Was Orpik's hit on Toews legal?

March, 31, 2014
Mar 31
12:29
AM CT
Rogers By Jesse Rogers
ESPNChicago.com
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PITTSBURGH -- The Chicago Blackhawks and Pittsburgh Penguins did not have strong opinions about the hit Penguins defenseman Brooks Orpik put on Jonathan Toews that sent the Blackhawks captain to the locker room holding his left arm Sunday night during the Penguins 4-1 victory.

“We didn’t like that he got hit, just like they wouldn’t like it if Sidney [Crosby] got hit,” Kris Versteeg said after the game. “Jonny is a battler. Hopefully he comes back sooner than later.

[+] EnlargeJonathan Toews
Justin K. Aller/Getty ImagesIt will take closer examination to determine whether the hit Pittsburgh's Brooks Orpik put on Blackhawks captain Jonathan Toews was within the rules.
“It looked high, but I guess you have to look closer.”

That’s about as strong an opinion as any Hawks player would offer.

And Versteeg is right. It deserves a closer look, which the league will undoubtedly do on Monday.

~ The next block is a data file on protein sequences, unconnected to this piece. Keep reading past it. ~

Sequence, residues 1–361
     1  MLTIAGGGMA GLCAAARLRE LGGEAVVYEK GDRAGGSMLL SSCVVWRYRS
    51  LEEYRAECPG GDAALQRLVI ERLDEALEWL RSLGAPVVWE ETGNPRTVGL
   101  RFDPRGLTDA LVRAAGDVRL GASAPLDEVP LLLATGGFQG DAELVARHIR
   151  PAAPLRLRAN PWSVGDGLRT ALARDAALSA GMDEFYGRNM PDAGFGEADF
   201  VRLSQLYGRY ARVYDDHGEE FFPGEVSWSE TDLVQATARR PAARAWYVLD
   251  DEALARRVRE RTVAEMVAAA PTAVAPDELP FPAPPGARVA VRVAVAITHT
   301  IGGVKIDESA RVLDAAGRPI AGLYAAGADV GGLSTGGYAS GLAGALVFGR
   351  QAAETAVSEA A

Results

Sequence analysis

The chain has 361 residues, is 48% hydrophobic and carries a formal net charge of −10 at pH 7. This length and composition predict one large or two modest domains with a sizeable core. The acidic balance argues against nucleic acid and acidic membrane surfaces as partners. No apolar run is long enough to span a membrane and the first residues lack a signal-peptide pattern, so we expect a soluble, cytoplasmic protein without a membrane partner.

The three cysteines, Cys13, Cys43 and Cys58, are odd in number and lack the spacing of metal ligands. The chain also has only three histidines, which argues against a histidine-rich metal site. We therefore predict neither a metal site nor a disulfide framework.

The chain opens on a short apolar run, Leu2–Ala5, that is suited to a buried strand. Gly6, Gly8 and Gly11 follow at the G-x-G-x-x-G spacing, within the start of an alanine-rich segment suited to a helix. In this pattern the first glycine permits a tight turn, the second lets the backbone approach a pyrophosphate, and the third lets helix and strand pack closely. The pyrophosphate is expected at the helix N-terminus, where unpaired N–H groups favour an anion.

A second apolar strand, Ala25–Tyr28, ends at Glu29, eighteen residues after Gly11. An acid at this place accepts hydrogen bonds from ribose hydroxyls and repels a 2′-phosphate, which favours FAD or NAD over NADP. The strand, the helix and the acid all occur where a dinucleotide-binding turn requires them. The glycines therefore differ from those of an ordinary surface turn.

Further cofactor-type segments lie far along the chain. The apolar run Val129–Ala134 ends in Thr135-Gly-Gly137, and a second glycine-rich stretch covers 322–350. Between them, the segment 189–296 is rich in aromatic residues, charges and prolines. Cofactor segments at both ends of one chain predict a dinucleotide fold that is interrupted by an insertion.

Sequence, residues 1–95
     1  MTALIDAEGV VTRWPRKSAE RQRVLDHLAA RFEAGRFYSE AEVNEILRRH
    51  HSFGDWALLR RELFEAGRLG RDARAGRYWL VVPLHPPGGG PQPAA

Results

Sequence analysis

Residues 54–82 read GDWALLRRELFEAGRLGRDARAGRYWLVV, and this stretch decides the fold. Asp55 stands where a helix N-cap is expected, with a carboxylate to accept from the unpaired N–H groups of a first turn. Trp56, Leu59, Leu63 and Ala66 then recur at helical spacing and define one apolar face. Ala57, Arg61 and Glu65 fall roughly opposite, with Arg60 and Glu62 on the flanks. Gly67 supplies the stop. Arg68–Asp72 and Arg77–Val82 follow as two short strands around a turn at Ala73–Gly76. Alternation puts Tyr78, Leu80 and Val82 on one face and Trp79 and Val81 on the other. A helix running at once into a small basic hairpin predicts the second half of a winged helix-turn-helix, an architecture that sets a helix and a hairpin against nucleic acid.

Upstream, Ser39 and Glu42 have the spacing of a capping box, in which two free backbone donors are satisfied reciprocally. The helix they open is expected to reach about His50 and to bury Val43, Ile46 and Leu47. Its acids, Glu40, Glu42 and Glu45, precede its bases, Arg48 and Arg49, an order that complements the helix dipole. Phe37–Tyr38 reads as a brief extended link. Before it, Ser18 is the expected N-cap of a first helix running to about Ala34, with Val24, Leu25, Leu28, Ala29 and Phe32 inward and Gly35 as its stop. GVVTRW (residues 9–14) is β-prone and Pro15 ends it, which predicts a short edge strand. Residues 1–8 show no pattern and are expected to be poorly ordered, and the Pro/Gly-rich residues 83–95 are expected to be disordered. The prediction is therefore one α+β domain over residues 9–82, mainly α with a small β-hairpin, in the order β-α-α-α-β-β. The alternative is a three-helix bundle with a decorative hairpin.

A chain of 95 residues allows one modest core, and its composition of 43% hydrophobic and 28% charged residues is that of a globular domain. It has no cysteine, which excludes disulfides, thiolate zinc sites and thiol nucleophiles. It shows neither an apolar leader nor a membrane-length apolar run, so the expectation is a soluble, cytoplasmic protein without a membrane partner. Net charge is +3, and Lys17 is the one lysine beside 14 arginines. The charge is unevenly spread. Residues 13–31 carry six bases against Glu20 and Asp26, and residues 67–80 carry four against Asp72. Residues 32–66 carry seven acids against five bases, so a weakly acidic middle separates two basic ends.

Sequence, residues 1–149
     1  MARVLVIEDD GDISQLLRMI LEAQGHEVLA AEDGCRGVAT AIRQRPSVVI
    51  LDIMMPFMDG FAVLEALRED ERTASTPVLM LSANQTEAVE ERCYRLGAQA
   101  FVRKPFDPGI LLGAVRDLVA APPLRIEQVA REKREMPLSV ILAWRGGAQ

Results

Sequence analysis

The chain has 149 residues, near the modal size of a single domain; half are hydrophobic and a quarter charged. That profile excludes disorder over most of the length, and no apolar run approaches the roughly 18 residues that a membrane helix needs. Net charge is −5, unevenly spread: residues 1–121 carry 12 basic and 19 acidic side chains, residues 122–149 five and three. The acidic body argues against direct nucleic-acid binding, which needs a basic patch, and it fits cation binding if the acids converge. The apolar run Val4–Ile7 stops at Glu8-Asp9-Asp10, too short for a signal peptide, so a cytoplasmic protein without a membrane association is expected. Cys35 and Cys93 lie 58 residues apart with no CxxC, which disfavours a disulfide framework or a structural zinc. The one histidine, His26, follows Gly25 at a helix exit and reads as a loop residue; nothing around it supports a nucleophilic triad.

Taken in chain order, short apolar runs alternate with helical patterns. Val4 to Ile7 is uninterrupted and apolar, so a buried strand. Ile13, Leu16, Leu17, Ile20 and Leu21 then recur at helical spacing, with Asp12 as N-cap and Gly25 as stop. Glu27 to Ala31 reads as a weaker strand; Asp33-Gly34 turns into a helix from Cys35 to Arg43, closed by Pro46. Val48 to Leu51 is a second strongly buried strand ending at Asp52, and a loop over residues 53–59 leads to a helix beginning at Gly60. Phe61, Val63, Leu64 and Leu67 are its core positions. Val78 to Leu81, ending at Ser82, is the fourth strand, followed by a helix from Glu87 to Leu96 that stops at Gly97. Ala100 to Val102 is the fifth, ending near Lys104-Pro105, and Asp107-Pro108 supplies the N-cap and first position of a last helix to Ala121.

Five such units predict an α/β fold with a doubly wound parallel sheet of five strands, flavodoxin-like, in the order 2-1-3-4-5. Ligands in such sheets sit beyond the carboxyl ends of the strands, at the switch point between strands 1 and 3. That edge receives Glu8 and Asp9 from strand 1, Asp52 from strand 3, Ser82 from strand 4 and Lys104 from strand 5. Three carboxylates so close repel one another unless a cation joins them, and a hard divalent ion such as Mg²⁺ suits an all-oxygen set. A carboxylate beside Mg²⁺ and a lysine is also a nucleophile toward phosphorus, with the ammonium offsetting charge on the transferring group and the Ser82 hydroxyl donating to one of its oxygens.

Orpik did make contact with Toews’ head, but only after making contact with his shoulder -- hence Toews holding his arm leaving the ice.

Rule 48.1 states: “A hit resulting in contact with an opponent's head where the head is targeted and the principal point of contact is not permitted. However, in determining whether such a hit should have been permitted, the circumstances of the hit, including whether the opponent put himself in a vulnerable position immediately prior to or simultaneously with the hit or the head contact on an otherwise legal body check was avoidable, can be considered.”

First off, Toews’ head wasn’t the principle point of contact. Orpik also left the ice but, again, it came after the contact of the hit. If the hit causes Orpik to fly into the air, that’s not illegal. If Orpik left the ice before he hit on Toews, that would be against the rules.

“I thought it was clean, but I haven’t seen it again,” Penguins coach Dan Byslma said.

Blackhawks Joel Quenneville needed to see it again, as well.

That tells you it’s not so cut and dry.

Slow motion replays are needed on this one and even though there are moments where it looks like Orpik is breaking the rules -- whether it be head contact or leaving the ice -- there probably isn’t enough to convict.

It shouldn’t be a surprise if Orpik isn’t disciplined. The officials on the ice declared no penalty and the league might just do the same.

Jesse Rogers | email

Chicago Cubs beat reporter
Jesse joined ESPN Chicago in September 2009 and covers the Chicago Cubs for ESPNChicago.com and ESPN Radio 1000.

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